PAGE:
Transcript for Convicted killer believes freedom is 'finally in sight': Part 6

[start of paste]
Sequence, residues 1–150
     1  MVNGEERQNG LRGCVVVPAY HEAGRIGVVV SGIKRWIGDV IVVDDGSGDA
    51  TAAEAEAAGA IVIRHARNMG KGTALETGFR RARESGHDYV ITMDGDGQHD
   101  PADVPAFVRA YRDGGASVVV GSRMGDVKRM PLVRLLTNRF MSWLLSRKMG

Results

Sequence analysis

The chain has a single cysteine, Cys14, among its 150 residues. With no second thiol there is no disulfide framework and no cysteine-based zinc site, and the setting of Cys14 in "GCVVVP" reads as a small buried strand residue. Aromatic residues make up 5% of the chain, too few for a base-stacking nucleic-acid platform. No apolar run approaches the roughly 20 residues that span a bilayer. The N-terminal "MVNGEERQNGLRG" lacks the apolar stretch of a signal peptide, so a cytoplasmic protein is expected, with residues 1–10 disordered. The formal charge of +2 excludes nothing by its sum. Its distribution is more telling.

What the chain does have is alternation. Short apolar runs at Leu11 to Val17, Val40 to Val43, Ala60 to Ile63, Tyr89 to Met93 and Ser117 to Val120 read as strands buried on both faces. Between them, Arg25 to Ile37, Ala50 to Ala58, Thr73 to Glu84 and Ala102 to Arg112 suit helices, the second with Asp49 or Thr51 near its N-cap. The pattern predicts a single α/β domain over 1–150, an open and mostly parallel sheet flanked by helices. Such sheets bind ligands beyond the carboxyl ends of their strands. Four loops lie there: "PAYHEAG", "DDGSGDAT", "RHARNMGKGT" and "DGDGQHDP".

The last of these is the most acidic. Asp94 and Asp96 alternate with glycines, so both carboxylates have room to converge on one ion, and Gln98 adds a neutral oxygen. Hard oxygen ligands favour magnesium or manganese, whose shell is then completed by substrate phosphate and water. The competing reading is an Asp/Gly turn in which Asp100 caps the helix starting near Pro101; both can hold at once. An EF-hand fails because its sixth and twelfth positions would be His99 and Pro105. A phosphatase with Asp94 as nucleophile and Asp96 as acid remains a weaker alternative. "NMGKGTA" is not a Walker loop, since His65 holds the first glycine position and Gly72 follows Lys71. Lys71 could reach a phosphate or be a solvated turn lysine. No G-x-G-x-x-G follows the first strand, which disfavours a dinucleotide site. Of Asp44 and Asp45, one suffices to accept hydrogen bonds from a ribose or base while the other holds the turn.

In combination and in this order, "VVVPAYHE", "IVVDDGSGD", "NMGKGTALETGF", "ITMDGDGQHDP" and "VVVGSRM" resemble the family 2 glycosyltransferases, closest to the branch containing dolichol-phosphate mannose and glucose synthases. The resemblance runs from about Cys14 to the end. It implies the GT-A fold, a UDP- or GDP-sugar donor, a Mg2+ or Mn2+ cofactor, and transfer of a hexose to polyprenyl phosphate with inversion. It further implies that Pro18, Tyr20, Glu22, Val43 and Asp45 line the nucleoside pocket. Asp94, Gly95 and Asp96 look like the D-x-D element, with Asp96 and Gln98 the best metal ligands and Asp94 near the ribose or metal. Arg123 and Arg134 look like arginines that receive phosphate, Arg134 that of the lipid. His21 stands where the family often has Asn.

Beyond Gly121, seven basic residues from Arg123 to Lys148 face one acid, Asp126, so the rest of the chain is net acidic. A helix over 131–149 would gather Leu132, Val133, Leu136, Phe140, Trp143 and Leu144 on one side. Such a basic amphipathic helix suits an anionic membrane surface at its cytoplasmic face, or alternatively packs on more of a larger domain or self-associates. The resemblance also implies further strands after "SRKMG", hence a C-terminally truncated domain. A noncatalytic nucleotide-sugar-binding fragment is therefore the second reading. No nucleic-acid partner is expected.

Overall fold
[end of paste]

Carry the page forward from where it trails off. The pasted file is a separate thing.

Reporter: Jens soering was 18 years old when the crimes that sent him to prison were committed. He is now 51. His former sweetheart, Elizabeth haysom, 20 at the time her parents were murdered, is now 53. In recent years, the Virginia prison authorities have put an end to all on camera interviews. So we spoke to Jens by phone in August, a week after his birthday. I've spent 31 years in here, 32 birthdays, but I think maybe the end is now finally in sight. Reporter: And just for the record, did you kill Derek and Nancy haysom? Absolutely not. Reporter: And how do you feel about Elizabeth haysom today? Honestly, I really try not to think about her. I'm trying to look towards the future, I'm trying to stay positive, and getting mad at people, that doesn't get me anything. Reporter: Some will never be convinced thats soaring isn't right where he belongs. Do you have any doubt in your mind that Jens soering committed those murders? No doubt in my mind at all. He learned the game of manipulation from a very good instructor. Elizabeth haysom, and now he's manipulated individuals into thinking that he is innocent, when, in fact, I know, that he is a guilty man. Reporter: With his appeals long since exhausted, Jens' last hope is for a pardon or parole. In September supporters held a news conference in charlottesville, urging then Virginia governor Terry Mcauliffe and parole officials to set soering free. I will tell you right now that I do not believe based on all the work that I did on this case that Jens soering participated in the homicide of Derek and Nancy haysom. I do not believe he did that. Reporter: It didn't happen. Mcauliffe took no action. Now, there is a new governor, and soering's team says it will try yet again. He's been stuck in a tiny cage for 31 years for a crime he didn't commit. It's enough.
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